There could be no mistake but that this was the veritable flying-frog of the Malay Archipelago, and Philip examined it with great interest. The back and legs were of a deep green, while the under-surface was yellow, as were also the webs of the feet, each of which covered a surface of about four[63] square inches. The extremities of the toes were formed similar to those of a tree-frog, and it is probable the membrane was intended to be used as often for swimming as for flying.

It was not a particularly dainty morsel of food, however, and after satisfying his curiosity concerning it Philip set the little fellow at liberty, he continuing on up the difficult ascent.

He expended his strength uselessly in climbing the hill, however, for when the highest point of the elevation had been gained it was not possible to see anything above the surrounding trees. His fatigue and disappointment might have caused him to give way in despair if, just at the moment when his mental troubles were greatest, he had not observed a small animal, evidently some species of deer, about two hundred yards away.

The desire for food now outweighed all other considerations, and he crept forward among the scanty foliage with his revolver in hand, hoping a chance shot might supply him with a dinner.

When it was no longer possible to approach without danger of being seen, he took careful aim over the top of a bowlder and discharged two barrels of his weapon in rapid succession.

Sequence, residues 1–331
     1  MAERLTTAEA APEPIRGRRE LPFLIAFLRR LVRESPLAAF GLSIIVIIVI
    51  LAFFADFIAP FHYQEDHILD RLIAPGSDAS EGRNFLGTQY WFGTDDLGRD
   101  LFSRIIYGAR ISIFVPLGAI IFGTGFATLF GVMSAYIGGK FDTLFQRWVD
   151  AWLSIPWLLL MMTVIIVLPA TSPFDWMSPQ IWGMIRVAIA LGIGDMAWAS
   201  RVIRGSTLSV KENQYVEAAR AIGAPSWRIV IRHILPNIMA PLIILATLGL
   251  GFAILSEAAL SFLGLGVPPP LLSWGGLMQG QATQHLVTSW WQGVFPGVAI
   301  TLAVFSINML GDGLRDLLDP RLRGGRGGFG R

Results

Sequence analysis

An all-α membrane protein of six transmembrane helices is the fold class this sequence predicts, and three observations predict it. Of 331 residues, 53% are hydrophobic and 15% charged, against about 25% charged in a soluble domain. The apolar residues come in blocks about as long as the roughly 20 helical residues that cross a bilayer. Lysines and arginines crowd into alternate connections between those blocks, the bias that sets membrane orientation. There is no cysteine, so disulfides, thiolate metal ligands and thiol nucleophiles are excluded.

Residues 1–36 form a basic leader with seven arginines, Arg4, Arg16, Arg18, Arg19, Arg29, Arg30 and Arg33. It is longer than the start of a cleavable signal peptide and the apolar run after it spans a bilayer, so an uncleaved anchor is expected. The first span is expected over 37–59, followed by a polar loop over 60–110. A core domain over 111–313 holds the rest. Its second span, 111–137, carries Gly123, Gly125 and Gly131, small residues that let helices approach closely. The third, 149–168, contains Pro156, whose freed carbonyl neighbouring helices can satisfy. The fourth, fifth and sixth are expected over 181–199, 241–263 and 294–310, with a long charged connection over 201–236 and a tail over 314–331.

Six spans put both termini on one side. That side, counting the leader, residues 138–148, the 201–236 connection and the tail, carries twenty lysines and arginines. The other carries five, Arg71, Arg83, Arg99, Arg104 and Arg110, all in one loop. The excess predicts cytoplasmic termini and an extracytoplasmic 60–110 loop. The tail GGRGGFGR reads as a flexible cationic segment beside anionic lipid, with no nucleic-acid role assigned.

The deer sprang into the air and then staggered forward; but instead of falling, as the hunter so ardently desired, he started down the sharp descent on the south side of the hill.

Philip forgot his fatigue and pursued, taking a course at right-angles with the one made by the animal,[64] in order to intercept him at the point of bushes which was evidently his destination.

With his eye fixed on the deer, noting not the nature of the ground over which he traveled, Philip rushed forward, gaining rapidly on his prey. At the objective point of foliage the animal halted for an instant, and the hunter bent every energy toward increasing his speed.

When his pursuer was hardly three yards away the deer disappeared, and thinking he had merely taken refuge behind the bushes, Philip darted around the other side, only to stop suddenly as he saw a chasm yawning before him.

He attempted to check himself so suddenly that a small stone was loosened under his foot, throwing him forward with still greater impetus, and it became impossible to regain a foot-hold.

At the very edge of the precipice he clutched wildly at what seemed to be a bush, as he was literally hurled among the branches. This slight support gave way beneath his weight, and he dropped his revolver to seize with both hands the trunk of the bush.

Down, down he went, seemingly a great distance, but still holding on for dear life; and then the foliage swung upward again in the rebound, carrying him with it, as a matter of course.

Hanging like an apple on a limb, he swayed to and fro, up and down, until the trunk upon which his very life depended had settled into nearly a stationary position.

[65]

Now it could be seen that he had dropped hardly more than twenty feet from the brow of the cliff; but this was not exactly cheering information, for he was hanging over a sheer descent of thirty or forty yards. That which he had mistaken for a bush was simply the upper portion of a reasonably large tree which grew on a shelf of the rock ten or twelve feet below the crest of the ledge.

He was grasping the trunk within three or four feet of the very top, and his weight made a tremendous strain upon the root. The wood was tough, however, and fortunately for him he bent so far from the cliff as to be suspended almost at right-angles with it.